indomitable perseverance. In the Heath process, carburet of manganese

is employed to aid the conversion of iron into steel, while it also

confers on the metal the property of welding and working more soundly

under the hammer--a fact discovered by Mr. Heath while residing in

India. Mr. Mushet's process is of a similar character. Another

inventor, Major Uchatius, an Austrian engineer, granulates crude iron

while in a molten state by pouring it into water, and then subjecting

it to the process of conversion. Some of the manufacturers still

affect secrecy in their operations; but as one of the Sanderson

firm--famous for the excellence of their steel--remarked to a visitor

when showing him over their works, "the great secret is to have the

courage to be honest--a spirit to purchase the best material, and the

means and disposition to do justice to it in the manufacture."

It remains to be added, that much of the success of the Sheffield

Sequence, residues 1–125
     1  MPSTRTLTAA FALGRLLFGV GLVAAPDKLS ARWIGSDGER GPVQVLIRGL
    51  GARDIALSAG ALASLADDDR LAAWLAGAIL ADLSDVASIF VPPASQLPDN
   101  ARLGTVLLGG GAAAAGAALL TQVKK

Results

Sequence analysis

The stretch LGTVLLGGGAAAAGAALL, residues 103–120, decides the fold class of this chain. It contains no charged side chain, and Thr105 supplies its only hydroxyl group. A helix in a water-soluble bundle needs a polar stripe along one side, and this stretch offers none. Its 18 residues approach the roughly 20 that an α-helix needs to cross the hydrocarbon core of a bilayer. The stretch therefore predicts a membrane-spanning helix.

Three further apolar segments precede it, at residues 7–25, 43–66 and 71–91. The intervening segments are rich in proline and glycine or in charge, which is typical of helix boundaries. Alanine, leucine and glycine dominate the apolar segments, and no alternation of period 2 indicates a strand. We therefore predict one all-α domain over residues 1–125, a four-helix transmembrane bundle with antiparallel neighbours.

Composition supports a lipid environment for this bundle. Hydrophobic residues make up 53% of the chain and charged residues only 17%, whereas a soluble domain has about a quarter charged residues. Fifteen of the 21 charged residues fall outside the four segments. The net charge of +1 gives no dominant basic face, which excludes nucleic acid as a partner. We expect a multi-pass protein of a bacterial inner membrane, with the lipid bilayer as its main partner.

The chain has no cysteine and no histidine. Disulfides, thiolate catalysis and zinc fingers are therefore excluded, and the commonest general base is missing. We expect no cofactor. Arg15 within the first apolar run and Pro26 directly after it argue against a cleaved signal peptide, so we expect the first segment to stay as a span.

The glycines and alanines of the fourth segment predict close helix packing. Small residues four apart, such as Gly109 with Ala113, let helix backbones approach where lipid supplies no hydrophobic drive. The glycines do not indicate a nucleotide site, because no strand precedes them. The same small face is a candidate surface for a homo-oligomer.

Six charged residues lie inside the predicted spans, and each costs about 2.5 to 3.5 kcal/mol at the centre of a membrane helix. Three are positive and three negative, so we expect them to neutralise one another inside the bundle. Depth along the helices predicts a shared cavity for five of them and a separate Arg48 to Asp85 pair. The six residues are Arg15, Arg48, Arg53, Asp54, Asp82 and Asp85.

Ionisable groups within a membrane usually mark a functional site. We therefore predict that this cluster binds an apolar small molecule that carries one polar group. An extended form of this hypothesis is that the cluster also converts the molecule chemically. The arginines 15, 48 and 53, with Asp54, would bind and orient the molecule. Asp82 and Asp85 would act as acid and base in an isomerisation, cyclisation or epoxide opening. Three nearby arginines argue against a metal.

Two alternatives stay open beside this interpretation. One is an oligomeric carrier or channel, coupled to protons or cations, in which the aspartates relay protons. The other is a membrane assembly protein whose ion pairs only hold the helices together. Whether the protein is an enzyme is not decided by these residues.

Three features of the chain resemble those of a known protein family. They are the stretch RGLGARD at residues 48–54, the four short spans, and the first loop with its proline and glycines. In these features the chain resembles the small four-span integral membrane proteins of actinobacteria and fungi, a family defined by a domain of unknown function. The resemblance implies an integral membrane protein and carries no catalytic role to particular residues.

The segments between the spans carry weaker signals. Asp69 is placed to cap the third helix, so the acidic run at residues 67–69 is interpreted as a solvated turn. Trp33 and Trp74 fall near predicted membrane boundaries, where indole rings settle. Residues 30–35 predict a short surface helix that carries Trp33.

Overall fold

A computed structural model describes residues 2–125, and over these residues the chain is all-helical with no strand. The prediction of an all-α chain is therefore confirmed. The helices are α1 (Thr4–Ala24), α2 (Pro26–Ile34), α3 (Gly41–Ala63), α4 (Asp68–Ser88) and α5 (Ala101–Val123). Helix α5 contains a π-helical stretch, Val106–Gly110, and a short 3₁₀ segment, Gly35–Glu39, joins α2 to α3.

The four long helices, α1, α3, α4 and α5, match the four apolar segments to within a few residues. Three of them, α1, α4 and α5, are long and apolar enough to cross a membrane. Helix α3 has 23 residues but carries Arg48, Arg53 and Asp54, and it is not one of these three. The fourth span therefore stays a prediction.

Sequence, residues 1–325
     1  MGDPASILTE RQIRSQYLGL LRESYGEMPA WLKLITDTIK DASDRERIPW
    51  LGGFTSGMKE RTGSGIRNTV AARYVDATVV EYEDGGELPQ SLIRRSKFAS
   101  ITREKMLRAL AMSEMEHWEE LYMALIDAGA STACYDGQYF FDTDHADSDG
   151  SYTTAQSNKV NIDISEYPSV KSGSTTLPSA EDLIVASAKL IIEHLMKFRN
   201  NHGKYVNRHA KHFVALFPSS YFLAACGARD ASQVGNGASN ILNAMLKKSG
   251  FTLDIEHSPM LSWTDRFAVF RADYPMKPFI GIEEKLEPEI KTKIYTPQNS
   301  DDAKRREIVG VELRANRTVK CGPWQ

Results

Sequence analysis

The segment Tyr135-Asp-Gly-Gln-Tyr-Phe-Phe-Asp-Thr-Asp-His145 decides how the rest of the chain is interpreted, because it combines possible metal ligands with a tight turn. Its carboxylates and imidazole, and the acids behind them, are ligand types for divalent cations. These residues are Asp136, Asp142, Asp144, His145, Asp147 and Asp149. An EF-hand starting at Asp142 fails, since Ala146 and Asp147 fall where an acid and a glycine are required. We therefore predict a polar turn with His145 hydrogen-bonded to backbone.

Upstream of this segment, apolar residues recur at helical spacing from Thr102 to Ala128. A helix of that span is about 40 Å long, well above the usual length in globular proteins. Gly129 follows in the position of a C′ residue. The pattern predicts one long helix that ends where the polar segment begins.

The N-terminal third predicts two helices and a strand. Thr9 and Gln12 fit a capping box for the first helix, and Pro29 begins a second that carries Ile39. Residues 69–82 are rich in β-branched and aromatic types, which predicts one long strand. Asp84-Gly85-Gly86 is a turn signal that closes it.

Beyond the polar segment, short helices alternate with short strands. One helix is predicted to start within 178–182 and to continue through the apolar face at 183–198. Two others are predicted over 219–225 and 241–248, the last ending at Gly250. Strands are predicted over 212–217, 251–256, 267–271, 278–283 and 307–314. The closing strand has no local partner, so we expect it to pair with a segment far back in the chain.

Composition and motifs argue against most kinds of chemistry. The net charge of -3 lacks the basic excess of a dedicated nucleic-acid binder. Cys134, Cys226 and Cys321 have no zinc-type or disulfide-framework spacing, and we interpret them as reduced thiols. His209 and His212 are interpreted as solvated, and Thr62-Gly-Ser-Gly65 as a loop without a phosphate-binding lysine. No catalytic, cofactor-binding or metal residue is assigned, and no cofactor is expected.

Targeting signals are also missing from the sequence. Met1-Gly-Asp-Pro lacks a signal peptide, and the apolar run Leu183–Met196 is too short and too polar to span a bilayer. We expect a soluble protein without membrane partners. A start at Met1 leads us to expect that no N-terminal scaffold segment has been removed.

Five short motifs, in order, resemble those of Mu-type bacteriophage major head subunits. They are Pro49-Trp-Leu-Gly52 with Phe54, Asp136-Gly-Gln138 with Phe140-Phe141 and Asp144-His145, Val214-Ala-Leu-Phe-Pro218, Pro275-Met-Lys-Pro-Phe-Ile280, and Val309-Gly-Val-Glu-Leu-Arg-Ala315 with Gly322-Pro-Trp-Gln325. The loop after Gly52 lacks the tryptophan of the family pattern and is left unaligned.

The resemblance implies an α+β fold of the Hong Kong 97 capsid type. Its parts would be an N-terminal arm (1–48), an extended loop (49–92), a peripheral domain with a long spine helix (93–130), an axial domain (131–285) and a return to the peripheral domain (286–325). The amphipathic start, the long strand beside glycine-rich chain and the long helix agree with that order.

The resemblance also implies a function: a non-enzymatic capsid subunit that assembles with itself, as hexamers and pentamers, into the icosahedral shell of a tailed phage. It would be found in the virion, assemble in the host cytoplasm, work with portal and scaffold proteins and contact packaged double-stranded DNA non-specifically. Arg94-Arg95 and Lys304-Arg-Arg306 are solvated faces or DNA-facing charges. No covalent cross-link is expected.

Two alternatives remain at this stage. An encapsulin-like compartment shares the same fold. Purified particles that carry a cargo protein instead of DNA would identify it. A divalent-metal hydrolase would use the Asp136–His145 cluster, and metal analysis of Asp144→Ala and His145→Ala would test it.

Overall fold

manufactures is attributable to the practical skill of the workmen,

who have profited by the accumulated experience treasured up by their

class through many generations. The results of the innumerable

experiments conducted before their eyes have issued in a most

valuable though unwritten code of practice, the details of which are

known only to themselves. They are also a most laborious class; and

Le Play says of them, when alluding to the fact of a single workman

superintending the operations of three steel-casting furnaces--"I

have found nowhere in Europe, except in England, workmen able for an

entire day, without any interval of rest, to undergo such toilsome

and exhausting labour as that performed by these Sheffield workmen."

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SteveHB

Good find !

there is a nice etching in the 1901 edition.